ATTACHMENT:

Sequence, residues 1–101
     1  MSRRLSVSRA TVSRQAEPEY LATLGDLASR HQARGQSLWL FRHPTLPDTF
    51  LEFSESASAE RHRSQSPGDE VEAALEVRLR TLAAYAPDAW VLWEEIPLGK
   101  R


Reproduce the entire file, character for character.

Sequence, residues 1–101
     1  MSRRLSVSRA TVSRQAEPEY LATLGDLASR HQARGQSLWL FRHPTLPDTF
    51  LEFSESASAE RHRSQSPGDE VEAALEVRLR TLAAYAPDAW VLWEEIPLGK
   101  R